Mandevilla vines can be found throughout the Americas in tropical and subtropical regions.
Consisting of nearly 200 species, the Mandevilla genus is best suited for USDA hardiness zones 9 to 11, with a vine growing up to 20’ feet long.
In northern climates, they are grown as annuals, but other varieties are grown as perennials.
They’re named after British gardener and diplomat Henry Mandeville and were first described as a benign genus in 1840.
Sometimes referred to as Chilean jasmine or rock trumpet, these plants are wonderful additions to the garden and indoor settings.
They’re usually trained on trellises or similar structures, providing a wall of green with wonderful pink, red, yellow, or white blooms.
The taller Mandevillas varieties are excellent climbers, but the smaller ones tend to form a more clumping habit unless trained to climb up a trellis.
These latter examples are often called Dipladenias and are excellent container plants.
They commonly attract beneficial animals and insects like bees, butterflies, and hummingbirds.
With nearly 200 different species and numerous hybrids and cultivars, it can be difficult to know which plant to get first.
The following are the most popular Mandevilla varieties and are all great introductions to these wonderful flowering plants.
You might have a little trouble finding the Dipladenia plant if you don’t know what you’re looking for.
That’s because Dipladenia is actually the former genus name for the smaller, shrublike Mandevilla vine.
They were long considered a separate genus until recently, and the old name remains a common nickname for any smaller Mandevilla plant.
Dipladenias tend to be shorter and bushier, and the stems generally droop.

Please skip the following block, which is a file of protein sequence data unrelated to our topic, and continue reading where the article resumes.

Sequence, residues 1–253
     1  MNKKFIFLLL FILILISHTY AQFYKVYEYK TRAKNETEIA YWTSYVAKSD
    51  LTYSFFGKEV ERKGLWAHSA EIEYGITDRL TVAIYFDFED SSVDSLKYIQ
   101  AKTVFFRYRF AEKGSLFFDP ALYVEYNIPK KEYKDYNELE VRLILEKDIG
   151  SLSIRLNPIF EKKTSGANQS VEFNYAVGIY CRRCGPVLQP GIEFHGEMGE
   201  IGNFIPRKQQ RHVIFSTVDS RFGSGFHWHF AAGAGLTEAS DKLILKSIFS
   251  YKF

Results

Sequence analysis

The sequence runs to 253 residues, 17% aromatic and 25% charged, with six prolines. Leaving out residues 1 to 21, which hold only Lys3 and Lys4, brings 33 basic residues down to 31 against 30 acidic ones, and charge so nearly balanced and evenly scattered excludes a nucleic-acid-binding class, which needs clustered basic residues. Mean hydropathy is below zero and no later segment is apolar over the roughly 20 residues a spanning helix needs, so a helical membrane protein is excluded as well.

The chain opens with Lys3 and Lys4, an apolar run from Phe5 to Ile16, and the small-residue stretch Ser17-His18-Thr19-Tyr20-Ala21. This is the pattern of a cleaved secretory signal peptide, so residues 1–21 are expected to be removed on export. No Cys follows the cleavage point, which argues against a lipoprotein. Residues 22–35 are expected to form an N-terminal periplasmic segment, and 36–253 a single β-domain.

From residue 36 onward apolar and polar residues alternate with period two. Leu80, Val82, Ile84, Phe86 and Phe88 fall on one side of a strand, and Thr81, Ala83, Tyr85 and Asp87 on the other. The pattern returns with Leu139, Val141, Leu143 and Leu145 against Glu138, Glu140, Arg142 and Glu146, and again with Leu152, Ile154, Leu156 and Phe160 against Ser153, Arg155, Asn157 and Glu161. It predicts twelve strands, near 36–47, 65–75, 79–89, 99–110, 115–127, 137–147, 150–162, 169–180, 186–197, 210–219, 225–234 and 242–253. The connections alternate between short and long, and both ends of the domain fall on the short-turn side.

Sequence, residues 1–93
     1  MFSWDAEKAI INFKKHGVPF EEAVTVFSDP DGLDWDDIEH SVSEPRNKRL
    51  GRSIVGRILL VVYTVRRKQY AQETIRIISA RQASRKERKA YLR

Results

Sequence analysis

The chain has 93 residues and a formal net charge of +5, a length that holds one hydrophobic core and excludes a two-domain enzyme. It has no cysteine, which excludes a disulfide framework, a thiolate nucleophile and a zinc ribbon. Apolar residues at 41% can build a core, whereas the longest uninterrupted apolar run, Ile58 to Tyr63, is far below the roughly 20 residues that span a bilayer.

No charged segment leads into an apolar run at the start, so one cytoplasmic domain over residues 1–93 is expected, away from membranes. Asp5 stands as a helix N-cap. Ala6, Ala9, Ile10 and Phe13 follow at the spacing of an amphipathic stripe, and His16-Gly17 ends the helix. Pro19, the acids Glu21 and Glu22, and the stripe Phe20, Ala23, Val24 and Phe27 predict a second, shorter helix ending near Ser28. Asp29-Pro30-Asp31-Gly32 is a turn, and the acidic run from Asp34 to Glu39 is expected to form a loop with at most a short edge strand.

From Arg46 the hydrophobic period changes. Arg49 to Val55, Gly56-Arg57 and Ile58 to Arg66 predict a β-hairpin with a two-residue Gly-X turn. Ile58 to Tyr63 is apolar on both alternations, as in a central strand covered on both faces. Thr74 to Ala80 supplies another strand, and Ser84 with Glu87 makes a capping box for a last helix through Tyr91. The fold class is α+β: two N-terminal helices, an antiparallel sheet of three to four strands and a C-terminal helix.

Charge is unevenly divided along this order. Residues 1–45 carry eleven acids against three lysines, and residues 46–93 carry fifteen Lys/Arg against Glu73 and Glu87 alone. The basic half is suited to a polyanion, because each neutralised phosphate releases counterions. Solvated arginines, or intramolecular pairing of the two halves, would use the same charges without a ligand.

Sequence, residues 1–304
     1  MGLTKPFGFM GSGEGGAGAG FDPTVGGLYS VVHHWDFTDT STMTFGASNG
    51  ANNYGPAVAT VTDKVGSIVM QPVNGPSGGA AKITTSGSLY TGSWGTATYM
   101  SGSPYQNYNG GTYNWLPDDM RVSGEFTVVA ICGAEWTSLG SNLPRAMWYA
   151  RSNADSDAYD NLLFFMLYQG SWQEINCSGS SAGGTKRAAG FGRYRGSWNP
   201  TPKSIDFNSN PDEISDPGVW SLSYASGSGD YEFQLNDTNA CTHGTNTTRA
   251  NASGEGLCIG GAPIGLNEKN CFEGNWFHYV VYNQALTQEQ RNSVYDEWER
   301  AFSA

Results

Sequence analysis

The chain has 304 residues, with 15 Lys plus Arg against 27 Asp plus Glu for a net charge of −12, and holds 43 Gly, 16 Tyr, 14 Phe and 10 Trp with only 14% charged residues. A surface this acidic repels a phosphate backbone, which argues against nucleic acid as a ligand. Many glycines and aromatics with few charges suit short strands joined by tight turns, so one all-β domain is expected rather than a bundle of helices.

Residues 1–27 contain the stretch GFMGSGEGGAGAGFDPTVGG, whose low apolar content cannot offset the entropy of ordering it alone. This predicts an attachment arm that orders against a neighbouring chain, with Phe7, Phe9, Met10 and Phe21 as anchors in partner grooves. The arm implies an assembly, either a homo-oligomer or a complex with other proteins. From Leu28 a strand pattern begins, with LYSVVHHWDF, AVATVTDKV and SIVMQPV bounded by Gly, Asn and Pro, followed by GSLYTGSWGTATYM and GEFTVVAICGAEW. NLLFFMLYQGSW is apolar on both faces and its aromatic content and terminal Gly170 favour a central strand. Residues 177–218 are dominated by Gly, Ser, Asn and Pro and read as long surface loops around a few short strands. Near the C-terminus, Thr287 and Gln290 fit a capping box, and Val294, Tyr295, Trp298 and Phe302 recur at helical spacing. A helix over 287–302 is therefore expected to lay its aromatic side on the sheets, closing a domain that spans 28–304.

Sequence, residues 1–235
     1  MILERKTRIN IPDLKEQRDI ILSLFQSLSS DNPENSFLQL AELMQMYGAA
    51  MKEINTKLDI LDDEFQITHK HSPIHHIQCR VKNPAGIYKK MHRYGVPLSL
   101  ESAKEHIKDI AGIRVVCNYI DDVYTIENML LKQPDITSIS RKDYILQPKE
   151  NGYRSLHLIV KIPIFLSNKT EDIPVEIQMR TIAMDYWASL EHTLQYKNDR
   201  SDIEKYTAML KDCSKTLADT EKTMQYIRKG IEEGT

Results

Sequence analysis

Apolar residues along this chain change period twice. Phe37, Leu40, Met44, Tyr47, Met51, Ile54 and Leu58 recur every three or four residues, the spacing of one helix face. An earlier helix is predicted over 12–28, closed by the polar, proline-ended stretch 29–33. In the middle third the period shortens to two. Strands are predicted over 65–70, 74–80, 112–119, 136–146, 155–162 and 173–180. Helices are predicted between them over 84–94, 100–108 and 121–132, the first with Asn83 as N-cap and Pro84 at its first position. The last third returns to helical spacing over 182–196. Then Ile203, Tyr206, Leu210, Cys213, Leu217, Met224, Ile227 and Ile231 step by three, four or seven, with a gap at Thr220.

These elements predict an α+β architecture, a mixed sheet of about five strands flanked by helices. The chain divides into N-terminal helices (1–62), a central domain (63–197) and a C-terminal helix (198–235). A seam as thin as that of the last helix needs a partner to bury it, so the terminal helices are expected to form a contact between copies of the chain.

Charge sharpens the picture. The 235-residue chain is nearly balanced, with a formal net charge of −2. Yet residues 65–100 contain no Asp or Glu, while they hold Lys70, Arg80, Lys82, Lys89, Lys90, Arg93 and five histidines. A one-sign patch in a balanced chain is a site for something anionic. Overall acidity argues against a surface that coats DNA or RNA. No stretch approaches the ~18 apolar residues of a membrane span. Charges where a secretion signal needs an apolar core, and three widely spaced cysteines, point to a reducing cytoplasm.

They also have slightly smaller flowers with more variation than the vining type, which often has red flowers.
The foliage is shorter and more heart-shaped than their vining kin as well.
However, the care for Dipladenias is virtually identical to that of traditional Mandevilla.
Mandevilla ‘Alice Du Pont’
Bearing dark green, wrinkled leaves and 4” inch-wide flowers bearing five-round red petals and a yellow throat, ‘Alice Du Pont’ is perhaps one of the most famous Mandevilla cultivars.
Alice Dupont mandevilla is hardy enough to handle winter weather as cold as zone 9.
Outdoors can climb to an impressive 20’ feet tall, but when planted in a pot, it will remain a far more manageable 5’ feet in height.
While not one of the more popular species out there, you can feel good about owning this native of Ecuador.
Listed as critically threatened, Mandevilla jamesonii can be difficult to find but is available for purchase.
Much like ‘Alice Du Pont,’ this plant will only grow to about 5’ feet in a container and will need a trellis to climb.
This plant won’t stand out from other species, but bringing one home can help prevent this plant from going extinct.
Laxa produces beautiful 3” inch-wide white flowers with a slightly yellow throat.
Up to 15 of these wonderful-smelling flowers can appear per woody stem, and outdoor specimens will reach 20’ feet tall with the proper support but will be much smaller if grown indoors in a container.
Awarded the Royal Horticultural Society’s Award of Garden Merit, this wonderful Mandevilla isn’t as cold-hardy as some other species and is usually grown in greenhouses or protected by glass.
However, it makes for a wonderful addition to your home when placed in a bright spot.
When you want a Mandevilla with personality, it doesn’t get much better than this former Dipladenia.